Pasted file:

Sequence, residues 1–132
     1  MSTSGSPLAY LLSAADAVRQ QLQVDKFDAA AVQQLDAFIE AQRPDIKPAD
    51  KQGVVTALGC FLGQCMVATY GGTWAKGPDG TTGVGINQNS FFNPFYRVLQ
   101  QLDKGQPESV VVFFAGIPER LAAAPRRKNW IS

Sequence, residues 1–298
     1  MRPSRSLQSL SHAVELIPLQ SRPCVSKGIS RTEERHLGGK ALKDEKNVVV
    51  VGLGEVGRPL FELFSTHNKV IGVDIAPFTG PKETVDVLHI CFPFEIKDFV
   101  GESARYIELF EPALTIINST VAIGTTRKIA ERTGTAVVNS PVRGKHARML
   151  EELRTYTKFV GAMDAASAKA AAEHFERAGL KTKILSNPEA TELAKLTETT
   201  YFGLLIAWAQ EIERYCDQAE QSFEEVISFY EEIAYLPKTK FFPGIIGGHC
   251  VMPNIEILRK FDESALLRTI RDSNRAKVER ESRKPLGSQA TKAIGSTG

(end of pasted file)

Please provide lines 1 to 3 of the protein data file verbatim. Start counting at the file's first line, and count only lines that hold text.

Sequence, residues 1–132
     1  MSTSGSPLAY LLSAADAVRQ QLQVDKFDAA AVQQLDAFIE AQRPDIKPAD
    51  KQGVVTALGC FLGQCMVATY GGTWAKGPDG TTGVGINQNS FFNPFYRVLQ